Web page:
'Stark' divide in England's pregnancy smoking rates

Pregnant women in the north of England are far more likely to be smoking at the time of delivery than those in the south, NHS figures reveal.

Mums-to-be in the north-east are three times more likely to be smokers than those in the south, according to data released by the NHS Information Centre on Wednesday.

Its chief executive Tim Straughan said the findings showed a 'stark' regional divide in England.

Across England, 13.4% of women were smokers at the time of giving birth in October to December 2011. This figure has progressively fallen since 2006/7, when 15.1% were smokers.

But this proportion was considerably higher in every SHA area in the north than in the south.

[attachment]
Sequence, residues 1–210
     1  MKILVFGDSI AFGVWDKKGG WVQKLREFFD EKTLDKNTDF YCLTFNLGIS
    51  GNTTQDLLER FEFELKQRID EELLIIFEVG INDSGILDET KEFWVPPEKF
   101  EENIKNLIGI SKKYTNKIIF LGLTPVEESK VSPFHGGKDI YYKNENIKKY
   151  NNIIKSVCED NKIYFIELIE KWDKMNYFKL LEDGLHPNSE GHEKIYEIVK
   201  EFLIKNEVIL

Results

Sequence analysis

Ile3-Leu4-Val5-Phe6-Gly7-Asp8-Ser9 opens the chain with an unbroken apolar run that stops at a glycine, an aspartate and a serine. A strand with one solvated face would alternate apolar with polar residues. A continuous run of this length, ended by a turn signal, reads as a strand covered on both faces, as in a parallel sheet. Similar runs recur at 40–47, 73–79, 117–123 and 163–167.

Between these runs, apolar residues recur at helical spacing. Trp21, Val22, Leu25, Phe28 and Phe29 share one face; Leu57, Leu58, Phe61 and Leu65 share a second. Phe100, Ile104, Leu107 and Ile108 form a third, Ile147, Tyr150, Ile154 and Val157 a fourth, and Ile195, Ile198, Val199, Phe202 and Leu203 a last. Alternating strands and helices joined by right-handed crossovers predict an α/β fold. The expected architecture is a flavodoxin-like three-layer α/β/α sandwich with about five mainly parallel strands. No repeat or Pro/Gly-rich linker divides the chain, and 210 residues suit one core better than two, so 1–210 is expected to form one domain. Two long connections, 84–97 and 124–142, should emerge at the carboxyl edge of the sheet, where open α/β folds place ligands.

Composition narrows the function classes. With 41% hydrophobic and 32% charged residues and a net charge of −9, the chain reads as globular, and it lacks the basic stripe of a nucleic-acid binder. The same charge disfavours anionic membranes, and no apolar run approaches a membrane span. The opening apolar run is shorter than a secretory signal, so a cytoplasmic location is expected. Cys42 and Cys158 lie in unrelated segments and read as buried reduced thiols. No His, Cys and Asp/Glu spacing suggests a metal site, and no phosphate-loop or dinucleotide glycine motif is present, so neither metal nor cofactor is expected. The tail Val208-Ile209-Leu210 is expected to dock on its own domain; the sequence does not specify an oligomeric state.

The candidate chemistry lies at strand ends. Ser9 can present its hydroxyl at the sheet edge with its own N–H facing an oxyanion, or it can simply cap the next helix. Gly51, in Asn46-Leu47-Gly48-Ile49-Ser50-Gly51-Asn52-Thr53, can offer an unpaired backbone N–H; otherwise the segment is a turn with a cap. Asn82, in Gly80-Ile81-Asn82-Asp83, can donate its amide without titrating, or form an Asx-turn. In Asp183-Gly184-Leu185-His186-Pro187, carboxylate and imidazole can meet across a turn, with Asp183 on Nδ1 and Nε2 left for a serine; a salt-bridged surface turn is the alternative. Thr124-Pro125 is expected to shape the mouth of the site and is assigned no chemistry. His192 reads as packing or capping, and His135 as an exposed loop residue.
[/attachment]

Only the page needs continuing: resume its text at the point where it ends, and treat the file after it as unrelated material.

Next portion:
In the NHS Blackpool area, 30.3% of women were smokers at the time of delivery, more than anywhere else in England.

In contrast, just 2.8% of pregnant women are smokers in NHS Brent, in London.

Mr Straughan said: 'Smoking can cause a range of serious health problems, including lower birth weight, pre-term birth, placental complications and perinatal mortality.

'The statistics we have published today highlight stark regional variation in the proportion of women smoking at the time of giving birth. They will be of considerable interest to those responsible for promoting good health during and after pregnancy.'

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